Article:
Bottled Water Regulation and Cost Comparison
Sales of bottled water in the U.S. and Canada have exploded in recent years, largely as a result of a public perception of purity driven by advertisements and packaging labels featuring pristine glaciers and crystal-clear mountain springs, and an increased awareness of the health effects of common water contaminants. But bottled water sold in the United States is not necessarily cleaner or safer than most tap water, according to a four-year scientific study recently made public by the Natural Resources Defense Council (NRDC).
The NRDC's study included testing of more than 1,000 bottles of 103 brands of bottled water. While most of the tested water was found to be of high quality, some brands were significantly contaminated: about one-third of the water tested contained levels of contamination including synthetic organic chemicals, bacteria, and arsenic (at least one sample exceeded allowable limits under either state or bottled water industry standards or guidelines).
A key NRDC finding is that current bottled water regulations are inadequate to assure consumers of either purity or safety, although both federal and state governments have bottled water safety programs. At the national level, the Food and Drug Administration is responsible for bottled water safety, but the FDA's rules completely exempt water that is packaged and sold within the same state, which accounts for between 60 and 70 percent of all bottled water sold in the United States (roughly one out of five states don't regulate this water either). The FDA also exempts carbonated water and seltzer, and fewer than half of the states require carbonated waters to meet their own bottled water standards.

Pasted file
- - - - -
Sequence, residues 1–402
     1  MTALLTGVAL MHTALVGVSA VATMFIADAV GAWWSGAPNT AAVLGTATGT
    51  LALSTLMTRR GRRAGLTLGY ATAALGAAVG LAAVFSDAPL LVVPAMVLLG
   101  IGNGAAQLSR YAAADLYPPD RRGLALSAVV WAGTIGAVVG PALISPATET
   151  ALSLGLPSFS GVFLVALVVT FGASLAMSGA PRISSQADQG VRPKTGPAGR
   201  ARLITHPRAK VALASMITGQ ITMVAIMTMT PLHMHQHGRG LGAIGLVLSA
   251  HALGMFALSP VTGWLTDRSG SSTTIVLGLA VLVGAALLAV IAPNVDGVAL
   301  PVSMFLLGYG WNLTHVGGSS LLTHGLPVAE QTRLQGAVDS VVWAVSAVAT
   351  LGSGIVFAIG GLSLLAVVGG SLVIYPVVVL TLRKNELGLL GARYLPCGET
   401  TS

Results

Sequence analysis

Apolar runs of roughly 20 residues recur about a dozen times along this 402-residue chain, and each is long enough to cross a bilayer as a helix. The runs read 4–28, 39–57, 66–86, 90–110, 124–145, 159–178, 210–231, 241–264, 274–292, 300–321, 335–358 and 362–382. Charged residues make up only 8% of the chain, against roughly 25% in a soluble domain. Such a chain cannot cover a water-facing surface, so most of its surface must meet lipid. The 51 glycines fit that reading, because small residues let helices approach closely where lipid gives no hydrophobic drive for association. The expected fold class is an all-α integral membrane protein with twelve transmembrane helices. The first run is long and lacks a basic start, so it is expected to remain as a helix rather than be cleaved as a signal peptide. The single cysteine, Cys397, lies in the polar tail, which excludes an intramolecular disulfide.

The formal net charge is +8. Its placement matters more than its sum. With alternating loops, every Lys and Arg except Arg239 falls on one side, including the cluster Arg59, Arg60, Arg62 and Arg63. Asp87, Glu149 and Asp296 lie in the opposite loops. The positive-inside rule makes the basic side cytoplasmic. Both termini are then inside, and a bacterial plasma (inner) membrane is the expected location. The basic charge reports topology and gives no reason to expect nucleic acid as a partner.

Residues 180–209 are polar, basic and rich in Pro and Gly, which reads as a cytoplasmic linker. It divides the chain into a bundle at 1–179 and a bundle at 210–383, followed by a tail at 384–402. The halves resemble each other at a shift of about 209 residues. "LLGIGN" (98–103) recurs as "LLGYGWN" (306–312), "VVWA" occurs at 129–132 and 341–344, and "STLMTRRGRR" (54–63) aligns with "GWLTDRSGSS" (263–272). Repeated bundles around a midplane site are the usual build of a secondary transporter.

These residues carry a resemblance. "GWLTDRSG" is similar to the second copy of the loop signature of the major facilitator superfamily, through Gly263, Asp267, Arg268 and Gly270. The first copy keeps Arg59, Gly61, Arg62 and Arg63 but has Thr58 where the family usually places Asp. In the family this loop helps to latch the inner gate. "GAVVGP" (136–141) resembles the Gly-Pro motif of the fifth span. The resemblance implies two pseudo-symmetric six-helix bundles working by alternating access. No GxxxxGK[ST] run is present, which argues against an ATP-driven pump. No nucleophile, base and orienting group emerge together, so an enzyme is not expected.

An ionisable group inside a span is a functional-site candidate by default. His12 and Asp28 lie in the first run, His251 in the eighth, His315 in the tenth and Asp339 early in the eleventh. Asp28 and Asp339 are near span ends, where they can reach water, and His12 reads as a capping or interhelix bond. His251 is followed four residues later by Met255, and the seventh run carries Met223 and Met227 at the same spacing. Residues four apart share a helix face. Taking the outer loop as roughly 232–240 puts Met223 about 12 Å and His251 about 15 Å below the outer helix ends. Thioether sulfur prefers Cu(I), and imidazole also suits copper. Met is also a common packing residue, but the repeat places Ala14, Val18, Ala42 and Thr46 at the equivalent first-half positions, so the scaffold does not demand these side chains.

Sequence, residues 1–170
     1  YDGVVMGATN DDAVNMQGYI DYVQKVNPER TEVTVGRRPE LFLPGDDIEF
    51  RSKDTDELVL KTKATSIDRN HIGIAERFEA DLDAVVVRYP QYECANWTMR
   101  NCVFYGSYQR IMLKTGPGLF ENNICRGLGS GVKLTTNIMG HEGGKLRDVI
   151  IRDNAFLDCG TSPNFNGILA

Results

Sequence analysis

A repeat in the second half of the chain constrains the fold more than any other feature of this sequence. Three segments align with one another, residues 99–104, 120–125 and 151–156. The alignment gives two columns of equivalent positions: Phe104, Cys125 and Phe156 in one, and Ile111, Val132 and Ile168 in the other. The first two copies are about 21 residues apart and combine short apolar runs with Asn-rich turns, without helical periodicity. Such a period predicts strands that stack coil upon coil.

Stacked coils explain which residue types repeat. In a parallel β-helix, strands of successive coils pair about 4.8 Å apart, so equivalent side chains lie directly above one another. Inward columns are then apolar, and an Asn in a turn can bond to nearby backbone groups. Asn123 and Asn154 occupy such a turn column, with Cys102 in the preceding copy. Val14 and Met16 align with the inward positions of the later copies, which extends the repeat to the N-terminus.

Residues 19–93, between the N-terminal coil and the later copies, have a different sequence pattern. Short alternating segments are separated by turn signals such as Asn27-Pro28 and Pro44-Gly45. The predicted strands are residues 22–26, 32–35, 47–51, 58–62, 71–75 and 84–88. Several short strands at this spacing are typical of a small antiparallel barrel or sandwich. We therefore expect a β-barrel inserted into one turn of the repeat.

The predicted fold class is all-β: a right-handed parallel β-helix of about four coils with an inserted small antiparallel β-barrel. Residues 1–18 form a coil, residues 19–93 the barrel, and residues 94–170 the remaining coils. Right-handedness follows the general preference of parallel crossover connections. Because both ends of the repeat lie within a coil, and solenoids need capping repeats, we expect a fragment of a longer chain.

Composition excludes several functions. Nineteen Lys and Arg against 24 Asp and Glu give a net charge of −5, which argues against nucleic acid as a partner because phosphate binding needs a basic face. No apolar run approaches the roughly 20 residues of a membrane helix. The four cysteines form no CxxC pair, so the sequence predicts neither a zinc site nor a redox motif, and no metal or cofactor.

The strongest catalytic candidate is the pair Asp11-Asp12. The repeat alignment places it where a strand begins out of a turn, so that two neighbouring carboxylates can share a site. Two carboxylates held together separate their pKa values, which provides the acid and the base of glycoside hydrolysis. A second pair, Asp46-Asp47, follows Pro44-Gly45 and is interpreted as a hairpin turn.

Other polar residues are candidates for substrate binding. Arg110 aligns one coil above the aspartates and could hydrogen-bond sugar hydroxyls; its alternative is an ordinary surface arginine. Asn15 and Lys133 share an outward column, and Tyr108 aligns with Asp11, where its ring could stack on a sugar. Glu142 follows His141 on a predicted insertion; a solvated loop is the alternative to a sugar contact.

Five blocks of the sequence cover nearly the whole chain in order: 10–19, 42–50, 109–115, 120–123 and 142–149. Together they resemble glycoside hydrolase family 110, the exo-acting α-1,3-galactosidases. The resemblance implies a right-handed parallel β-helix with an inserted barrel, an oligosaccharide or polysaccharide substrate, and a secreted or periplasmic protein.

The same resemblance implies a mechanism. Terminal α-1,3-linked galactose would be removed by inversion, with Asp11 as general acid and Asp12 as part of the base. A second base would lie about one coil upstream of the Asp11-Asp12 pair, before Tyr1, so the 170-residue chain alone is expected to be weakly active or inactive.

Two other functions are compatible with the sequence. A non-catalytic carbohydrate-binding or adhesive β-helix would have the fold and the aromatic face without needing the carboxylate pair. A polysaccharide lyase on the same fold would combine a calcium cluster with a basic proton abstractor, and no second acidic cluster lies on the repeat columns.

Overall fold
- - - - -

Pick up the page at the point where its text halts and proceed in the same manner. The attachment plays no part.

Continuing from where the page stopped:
Even when bottled water is covered by the FDA's rules, it is subject to less rigorous testing and purity standards than those which apply to city tap water (see chart below). For example, bottled water is required to be tested less frequently than city tap water for bacteria and chemical contaminants. In addition, bottled water rules allow for some contamination by E. coli or fecal coliforms (which indicate possible contamination with fecal matter), contrary to tap water rules which prohibit any confirmed contamination with these bacteria. Similarly, there are no requirements for bottled water to be disinfected or tested for parasites such as cryptosporidium or giardia, unlike the rules for big city tap water systems that use surface water sources. This leaves open the possibility that some bottled water may present a health threat to people with weakened immune systems, such as the frail elderly, some infants, transplant or cancer patients, or people with HIV/AIDS.
|Some Key Differences Between EPA Tap Water and FDA Bottled Water Rules|
|Disinfection Required?||Confirmed E. Coli & Fecal Coliform Banned?||Testing Frequency for Bacteria||Must Filter to Remove Pathogens, or Have Strictly Protected Source?||Must Test for Cryptosporidium, Giardia, Viruses?||Testing Frequency for Most Synthetic Organic Chemicals|
|Carbonated or Seltzer Water||No||No||None||No||No||None|
|Big City Tap Water (using surface water)||Yes||Yes||Hundreds/ month||Yes||Yes||1/quarter
(limited waivers available if clean source)